The first frost of the year signals that it’s time to get serious about those preparations for winter. (yeah, I know, I don’t really want to think about it either) But, the clock is ticking and before you know it…
With that thought in mind, the next to last batch of broilers made it to the freezer this week. We transported the LAST broilers of 2014 to their home in the back field.
|cleaning up after processing broilers|
And, we said a little prayer that the weather will hold until the first week of November so we can get them processed and in the freezer. Since we do all the processing ourselves, in the backyard, I am absolutely serious about praying about the weather. We are gambling that the weather won’t be cold and miserable for that final processing day. Even if it is miserable, we will have to muddle through and get the job done. We’re just hoping that doesn’t happen.
|last batch of broilers in the brooder|
After the broiler processing and relocation, the next job was to clean the brooder. I didn’t realize we had a brooder cleaning team! Ellie and Gus hopped right up in the brooder to sniff around and eat the little “tidbits” they found. Just in case you didn’t know…farm dogs are gross, but we love ‘em anyway.
When the dogs got done with the brooder, the Boss set to work. I knew that he was going to do a thorough cleaning, but I really didn’t expect that the brooder would be halfway demolished when I got back from my work in the hoophouse. But, the wooden sides were starting to show signs of age and he decided to go ahead and rip them out and replace them before the layer chicks arrive.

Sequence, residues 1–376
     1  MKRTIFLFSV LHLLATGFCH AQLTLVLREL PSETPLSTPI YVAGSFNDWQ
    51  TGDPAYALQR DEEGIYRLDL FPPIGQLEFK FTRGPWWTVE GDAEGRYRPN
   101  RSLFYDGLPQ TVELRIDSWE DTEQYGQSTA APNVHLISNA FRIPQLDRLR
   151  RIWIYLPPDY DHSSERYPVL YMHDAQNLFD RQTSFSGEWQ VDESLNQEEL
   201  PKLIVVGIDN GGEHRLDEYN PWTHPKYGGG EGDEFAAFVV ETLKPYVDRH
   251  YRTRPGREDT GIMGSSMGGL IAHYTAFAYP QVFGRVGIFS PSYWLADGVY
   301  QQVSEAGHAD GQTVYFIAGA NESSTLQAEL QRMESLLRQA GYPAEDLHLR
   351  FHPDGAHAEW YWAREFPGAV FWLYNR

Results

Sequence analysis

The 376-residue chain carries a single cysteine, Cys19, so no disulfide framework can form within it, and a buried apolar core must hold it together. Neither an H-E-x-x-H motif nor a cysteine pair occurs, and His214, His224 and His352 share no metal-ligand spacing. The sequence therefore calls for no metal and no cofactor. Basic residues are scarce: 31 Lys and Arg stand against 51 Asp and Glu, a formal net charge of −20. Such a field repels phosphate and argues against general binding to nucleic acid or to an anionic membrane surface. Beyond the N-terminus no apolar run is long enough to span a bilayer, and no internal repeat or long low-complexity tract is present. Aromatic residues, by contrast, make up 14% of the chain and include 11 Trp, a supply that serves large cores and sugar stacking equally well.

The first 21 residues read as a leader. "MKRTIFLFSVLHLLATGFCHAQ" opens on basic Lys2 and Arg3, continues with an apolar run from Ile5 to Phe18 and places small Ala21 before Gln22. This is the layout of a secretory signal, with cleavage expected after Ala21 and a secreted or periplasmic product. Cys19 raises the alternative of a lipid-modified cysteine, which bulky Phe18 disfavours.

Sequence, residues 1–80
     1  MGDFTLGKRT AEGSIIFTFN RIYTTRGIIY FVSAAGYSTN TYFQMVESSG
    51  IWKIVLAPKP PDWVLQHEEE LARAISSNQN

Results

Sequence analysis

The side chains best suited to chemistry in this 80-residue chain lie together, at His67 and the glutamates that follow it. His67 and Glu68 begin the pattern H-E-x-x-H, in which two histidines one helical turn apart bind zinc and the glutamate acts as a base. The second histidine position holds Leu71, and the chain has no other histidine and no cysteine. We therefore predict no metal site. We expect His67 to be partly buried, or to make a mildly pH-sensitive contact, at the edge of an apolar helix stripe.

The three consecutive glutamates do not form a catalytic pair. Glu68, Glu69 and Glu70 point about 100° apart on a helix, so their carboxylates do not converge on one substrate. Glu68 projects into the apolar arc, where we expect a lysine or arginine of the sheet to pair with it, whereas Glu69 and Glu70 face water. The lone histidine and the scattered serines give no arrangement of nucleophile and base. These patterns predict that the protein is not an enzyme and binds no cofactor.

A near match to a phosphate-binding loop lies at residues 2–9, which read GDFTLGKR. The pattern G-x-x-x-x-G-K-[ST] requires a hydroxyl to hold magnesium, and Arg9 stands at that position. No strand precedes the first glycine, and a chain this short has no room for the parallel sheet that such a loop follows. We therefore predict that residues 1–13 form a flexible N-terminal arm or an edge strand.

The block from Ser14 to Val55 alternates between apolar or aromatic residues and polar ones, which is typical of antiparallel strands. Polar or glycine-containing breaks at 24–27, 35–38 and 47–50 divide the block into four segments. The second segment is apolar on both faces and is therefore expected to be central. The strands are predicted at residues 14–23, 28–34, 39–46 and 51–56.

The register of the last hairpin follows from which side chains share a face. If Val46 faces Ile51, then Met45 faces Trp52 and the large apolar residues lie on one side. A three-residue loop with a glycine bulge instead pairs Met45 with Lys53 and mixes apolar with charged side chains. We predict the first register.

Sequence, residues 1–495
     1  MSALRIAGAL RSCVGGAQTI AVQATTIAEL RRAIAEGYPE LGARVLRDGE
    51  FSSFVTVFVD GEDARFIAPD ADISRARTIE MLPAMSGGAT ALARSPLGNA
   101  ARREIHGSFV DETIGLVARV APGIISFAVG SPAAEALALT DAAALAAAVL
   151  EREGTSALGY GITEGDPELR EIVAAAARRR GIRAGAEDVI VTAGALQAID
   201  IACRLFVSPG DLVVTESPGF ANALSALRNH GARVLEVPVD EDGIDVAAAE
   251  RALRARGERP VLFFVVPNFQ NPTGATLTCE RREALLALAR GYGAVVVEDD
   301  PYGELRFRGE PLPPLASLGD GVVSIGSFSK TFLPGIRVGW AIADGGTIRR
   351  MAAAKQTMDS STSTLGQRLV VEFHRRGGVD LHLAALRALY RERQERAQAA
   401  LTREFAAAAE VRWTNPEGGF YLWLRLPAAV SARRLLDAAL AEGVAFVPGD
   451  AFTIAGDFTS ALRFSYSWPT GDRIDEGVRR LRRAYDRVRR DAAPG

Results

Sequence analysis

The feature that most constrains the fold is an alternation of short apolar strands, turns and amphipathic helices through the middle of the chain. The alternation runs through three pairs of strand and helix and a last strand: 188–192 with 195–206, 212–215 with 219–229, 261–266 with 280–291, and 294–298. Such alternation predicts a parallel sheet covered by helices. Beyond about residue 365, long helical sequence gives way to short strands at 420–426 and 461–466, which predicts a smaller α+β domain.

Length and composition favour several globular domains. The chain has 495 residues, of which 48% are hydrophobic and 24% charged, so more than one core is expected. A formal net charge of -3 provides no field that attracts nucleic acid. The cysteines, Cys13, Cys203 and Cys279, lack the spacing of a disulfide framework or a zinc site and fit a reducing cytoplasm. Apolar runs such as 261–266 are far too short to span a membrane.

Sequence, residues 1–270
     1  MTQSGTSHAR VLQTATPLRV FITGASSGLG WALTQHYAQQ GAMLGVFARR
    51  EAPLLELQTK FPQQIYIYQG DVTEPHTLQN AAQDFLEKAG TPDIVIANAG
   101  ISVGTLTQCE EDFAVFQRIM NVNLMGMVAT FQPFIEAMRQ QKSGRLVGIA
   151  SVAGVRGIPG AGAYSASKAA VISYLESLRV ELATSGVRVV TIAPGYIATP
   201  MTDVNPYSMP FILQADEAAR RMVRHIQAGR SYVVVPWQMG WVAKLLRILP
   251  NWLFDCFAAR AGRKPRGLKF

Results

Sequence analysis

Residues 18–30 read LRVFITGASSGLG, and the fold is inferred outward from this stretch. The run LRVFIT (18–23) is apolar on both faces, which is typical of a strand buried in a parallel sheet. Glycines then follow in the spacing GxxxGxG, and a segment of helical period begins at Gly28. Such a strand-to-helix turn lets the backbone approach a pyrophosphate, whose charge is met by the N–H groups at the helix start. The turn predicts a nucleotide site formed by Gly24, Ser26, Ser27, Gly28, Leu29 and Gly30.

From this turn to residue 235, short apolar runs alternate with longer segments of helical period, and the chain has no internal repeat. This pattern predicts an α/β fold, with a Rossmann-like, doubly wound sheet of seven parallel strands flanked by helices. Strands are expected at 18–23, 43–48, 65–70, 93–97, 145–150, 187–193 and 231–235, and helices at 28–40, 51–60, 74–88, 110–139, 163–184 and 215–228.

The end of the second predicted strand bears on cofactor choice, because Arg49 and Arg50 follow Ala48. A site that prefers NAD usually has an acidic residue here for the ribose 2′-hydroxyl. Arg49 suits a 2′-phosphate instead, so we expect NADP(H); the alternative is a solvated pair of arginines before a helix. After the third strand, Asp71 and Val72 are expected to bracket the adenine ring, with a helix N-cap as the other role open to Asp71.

After struggling through a long and dusty August and September…it seems October is going to make up for any rain deficit. In the past 10 days, we have had 3 inches of rain! 3 inches! We certainly can’t complain about any sort of drought now. Although, we are still short for the year and you never fuss about rain. (well, you’re not supposed to) The rain is too late to help much of the garden, but it was time for the squash, tomatoes and beans to end anyway. There are still broccoli, cabbage, cauliflower and turnips producing in the gardens. …and the fall potatoes are still in the ground.
The rain softened the ground nicely and the Boss is hoping to get the seed garlic planted this week. The seed stock arrived last week and looks nice. By planting the garlic now, we will have fresh garlic for sale in July.
Since the wet weather precluded a lot of outdoor work, I spent a lot of time in the hoophouses and greenhouse. There is always something to start, plant, weed or harvest. The damp earth and lush green plants make for a nice oasis no matter what the weather is outside. When I am not completely overwhelmed by weeds, I love to spend time in the hoophouses.
In one of my many trips to the hoophouse, I encountered this Wheel Bug. Otherwise known as the Assassin Beetle, these are some of the creepiest looking bugs out there. We have seen them on the farm for years, but this season there seem to be multitudes of them. Recently, I have heard all sorts of horror stories about them. There has been a great deal of news coverage concerning their bite and the diseases they carry.